The Supreme Court of New South Wales has again considered the question of ‘what constitutes a construction contract’ for the purposes of the Building and Construction Industry Security of Payment Act 1999 (NSW) (Act) and given it a very wide ambit.
In this case, the Court also examined the issue of the “guarantee or indemnity exceptions” to the jurisdiction of the Act pursuant to the provisions of section 7(3)(c).
In IWD his Honour Stevenson J considered similar facts to those in Machkevitch v Andrew Building Constructions  NSWSC 546 whereby here, IWD (the developer) was alleged to have verbally assured Level Orange Pty Ltd (a consultant architect) that it would “make sure” that Level Orange would get paid if it carried out the architectural design work for IWD’s residential development project in Randwick New South Wales.
Level Orange Pty Ltd was then contracted by the builder on the project, Link Pty Ltd. The contract between Link and IWD was subsequently terminated and when not paid, Level Orange submitted a payment claim under the Act against IWD relying on IWD’s earlier promise.
IWD refused payment to Level Orange which then lodged an adjudication application. The adjudicator found in favour of Level Orange. IWD applied to the Court seeking to set aside or quash the adjudicator’s determination.
In dismissing the application the Court held that statements made by the director of IWD to the director of Level Orange amounted to a promise to “make sure” that Level Orange would get paid for their work. His Honour found that this promise was sufficient to create a construction contract for the purposes of the Act.
The Court then turned to the question of whether the construction contract between these parties was one which should be characterised as a guarantee or indemnity, which would then fall outside of the jurisdiction of the Act pursuant to the exceptions arising from s7(3)(c). The Court found that this was not the case because;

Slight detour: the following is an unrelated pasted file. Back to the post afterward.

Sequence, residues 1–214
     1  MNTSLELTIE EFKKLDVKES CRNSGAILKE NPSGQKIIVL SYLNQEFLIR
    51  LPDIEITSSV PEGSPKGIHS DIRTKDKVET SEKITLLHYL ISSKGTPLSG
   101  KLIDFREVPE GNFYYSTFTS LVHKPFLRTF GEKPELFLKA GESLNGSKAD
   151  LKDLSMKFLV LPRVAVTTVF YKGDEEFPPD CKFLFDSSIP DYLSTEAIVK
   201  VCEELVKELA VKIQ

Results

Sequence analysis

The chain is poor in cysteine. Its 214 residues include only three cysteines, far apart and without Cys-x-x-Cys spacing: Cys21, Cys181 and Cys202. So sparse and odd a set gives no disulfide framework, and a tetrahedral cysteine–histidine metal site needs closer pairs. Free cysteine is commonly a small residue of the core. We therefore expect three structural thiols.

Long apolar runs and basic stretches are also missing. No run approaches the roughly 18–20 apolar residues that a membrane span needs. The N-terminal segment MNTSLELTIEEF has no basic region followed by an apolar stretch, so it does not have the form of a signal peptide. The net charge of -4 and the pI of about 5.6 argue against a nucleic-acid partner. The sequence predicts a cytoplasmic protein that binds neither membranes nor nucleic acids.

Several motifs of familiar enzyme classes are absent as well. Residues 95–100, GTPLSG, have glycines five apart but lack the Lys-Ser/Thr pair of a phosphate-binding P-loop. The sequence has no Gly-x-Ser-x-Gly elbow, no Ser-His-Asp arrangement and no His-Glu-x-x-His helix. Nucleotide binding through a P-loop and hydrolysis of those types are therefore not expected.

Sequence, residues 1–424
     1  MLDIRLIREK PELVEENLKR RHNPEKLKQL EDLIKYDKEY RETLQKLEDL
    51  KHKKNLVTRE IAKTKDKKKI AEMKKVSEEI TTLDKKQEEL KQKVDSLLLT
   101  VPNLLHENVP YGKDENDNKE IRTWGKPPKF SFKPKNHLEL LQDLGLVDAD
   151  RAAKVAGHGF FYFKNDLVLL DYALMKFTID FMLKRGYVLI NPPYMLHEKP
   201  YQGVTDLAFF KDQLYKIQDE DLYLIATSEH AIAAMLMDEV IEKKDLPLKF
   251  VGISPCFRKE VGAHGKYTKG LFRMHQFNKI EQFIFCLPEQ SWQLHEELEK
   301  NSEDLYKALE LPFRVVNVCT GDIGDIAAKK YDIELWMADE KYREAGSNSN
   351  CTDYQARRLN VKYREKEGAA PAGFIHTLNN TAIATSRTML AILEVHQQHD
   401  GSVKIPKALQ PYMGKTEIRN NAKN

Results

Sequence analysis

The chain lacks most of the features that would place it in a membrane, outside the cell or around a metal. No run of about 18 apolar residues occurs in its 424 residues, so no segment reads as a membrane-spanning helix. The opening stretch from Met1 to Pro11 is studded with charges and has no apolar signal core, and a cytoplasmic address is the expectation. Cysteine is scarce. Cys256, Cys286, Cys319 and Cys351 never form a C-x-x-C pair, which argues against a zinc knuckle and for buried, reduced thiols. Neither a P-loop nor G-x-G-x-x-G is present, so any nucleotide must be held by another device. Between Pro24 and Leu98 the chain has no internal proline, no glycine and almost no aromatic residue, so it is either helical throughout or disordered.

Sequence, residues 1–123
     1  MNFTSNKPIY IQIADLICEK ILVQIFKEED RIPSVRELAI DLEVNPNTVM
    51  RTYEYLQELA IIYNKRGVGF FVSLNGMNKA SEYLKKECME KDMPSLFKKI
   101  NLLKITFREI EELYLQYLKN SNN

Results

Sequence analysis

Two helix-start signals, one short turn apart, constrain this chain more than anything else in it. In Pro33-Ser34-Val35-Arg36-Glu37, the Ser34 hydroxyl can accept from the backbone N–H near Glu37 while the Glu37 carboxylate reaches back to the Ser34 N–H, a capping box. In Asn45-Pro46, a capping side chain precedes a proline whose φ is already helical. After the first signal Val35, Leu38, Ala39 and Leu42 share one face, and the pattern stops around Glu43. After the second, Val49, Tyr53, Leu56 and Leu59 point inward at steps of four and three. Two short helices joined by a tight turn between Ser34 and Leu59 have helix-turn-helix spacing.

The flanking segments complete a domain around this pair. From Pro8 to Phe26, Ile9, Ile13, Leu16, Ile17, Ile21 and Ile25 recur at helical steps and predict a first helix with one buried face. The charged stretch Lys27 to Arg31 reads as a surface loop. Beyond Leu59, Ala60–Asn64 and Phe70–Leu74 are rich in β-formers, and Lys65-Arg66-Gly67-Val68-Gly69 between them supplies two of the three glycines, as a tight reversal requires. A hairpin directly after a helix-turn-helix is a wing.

1. A contract of guarantee or indemnity is a secondary liability and is reliant on a third party performing or failing to perform some specified obligations.
2. In the present case, the undertaking was given prior to a third party (the builder) being involved and was a simple undertaking to “make sure” that Level Orange would get paid for their work.
His Honour found [at 70-71]:
“…..the obligation…that IWD undertook in the January 2011 conversation was not a secondary liability; it was not a liability contingent upon any default by Link……Nor, in my opinion, was the effect of what Mr Christofidellis said in the January 2011 conversation that IWD undertook to provide Level Orange with an indemnity in relation to services that Level Orange might supply the project.”
This case shows that Principals seeking to provide comfort to subcontractors (or consultants as in this case) should be careful with the words used as there is a risk that those words may bind them to payment and allow the subcontractor to lodge a payment claim under the Act.
Subcontractors, consultants or suppliers who wish to rely upon undertakings made to them by a principal should seek advice as to the terms of the undertaking to ensure that the undertaking qualifies as a construction contract which is actionable under the Act.
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